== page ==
"This is why we started to build Openchain early 2015. Openchain solves the same problems as watermarking protocols, but with a much lighter use of the Bitcoin Blockchain. This way we can achieve a much higher scale, and handle compliance in a much better way.

"I don't think Coinprism and R3 are the only two companies in the space to have realised this. There has been a noticeable turning point in the industry around mid-2015, and more companies are now building permissioned ledgers."

Another coloured coin developer ChromaWay also responded and turned the tables on security concerns for permissioned ledger systems, which R3 is currently corralling banks toward.

Henrik Hjelte, CEO ChromaWay told IBTimes: "We also need to have more security research directed to the permissioned systems that is put forward as alternatives. Permissioned systems are not immune to attacks and history shows that banks and bank-employees have sometimes acted in bad faith.

"ChromaWay have been focusing on security since Alex Mizrahi came up with coloured-coins back in 2012 and we are taking the same security focused approach to our brand new inventions and offerings to financial institutions."

Amos Meiri, founder of Colu was slightly more caustic in his response. He told IBTimes: "The Colored coins and the Bitcoin protocol are not finalised, and continue to evolve and change. Attacking a complex technology in its early stages and nullifying it by referencing papers that were written years ago is not relevant. Especially when a better alternative is not displayed and the same paper could be written on R3 initiative and private blockchains in general.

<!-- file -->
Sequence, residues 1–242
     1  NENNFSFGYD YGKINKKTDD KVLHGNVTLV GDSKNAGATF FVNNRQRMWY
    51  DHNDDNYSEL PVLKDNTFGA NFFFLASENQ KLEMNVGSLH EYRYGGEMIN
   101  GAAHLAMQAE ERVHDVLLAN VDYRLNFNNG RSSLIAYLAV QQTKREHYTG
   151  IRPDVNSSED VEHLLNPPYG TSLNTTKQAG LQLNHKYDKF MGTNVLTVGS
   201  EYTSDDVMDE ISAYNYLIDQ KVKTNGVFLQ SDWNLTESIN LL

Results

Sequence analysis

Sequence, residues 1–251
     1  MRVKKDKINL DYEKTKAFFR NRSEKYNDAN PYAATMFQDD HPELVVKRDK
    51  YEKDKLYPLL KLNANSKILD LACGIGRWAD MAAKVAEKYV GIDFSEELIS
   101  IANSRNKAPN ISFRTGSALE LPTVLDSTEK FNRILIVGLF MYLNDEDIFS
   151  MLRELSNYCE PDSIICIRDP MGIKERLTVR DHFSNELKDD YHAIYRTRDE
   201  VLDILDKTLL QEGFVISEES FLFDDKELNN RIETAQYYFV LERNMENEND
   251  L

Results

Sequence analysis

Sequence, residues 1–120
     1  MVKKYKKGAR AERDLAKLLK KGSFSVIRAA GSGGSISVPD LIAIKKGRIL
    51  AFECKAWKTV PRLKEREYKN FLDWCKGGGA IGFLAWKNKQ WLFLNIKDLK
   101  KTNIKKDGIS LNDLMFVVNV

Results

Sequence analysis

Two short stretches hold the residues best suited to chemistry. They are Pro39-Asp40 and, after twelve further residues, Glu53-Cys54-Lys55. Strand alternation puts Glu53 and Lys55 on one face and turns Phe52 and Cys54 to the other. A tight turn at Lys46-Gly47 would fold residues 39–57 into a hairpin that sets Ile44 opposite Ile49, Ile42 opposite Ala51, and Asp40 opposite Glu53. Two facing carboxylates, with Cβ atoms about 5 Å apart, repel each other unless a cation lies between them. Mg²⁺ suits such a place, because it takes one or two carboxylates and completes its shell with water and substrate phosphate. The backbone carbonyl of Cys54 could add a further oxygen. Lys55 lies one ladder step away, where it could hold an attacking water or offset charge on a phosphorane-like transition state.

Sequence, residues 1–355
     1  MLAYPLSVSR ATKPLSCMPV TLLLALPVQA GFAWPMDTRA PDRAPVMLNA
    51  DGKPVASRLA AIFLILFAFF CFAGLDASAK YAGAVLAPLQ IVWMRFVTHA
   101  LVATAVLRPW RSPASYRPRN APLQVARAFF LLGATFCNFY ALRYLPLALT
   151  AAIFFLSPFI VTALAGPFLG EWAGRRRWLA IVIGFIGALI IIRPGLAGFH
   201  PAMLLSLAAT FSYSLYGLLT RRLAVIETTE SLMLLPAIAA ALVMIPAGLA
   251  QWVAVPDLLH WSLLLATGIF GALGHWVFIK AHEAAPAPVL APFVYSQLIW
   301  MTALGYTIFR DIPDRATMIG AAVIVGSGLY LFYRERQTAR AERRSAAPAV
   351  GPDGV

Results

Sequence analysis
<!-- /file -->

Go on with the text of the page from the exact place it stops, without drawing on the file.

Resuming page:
"Coloured Coins was a hack like how most technology started. You can't put all the 'meta' solutions under the same umbrella. At Colu we released a new protocol that solves some of the technical issues in the paper and we keep improve the technology every day.

"Any technology that is censorship resistant and decentralised will be criticised from a financial institution perspective, the biggest questions is not whether the technical problem are solvable but do financial institutions want them to be solved.

"There is no 'good' approach or 'bad' approach for this technology - the truth is always somewhere in the middle. As long as we are keeping the basic principles of this technology (open source and decentralised) you can always improve the Bitcoin/CC implementation and create specific solutions for specific use case, for some use cases a distributed network is better and for some not - i am against generalisation of this complex technology.

"This research blatantly disregards the fact that few dozen Bitcoin companies are using OP_RETURN today and the volume of transactions is steadily rising. It also doesn't mention the fact that a lot of companies that are working on solutions for financial institution are basing their design on Bitcoin for possible future interoperability - this might solve a lot of issues mentioned in the paper."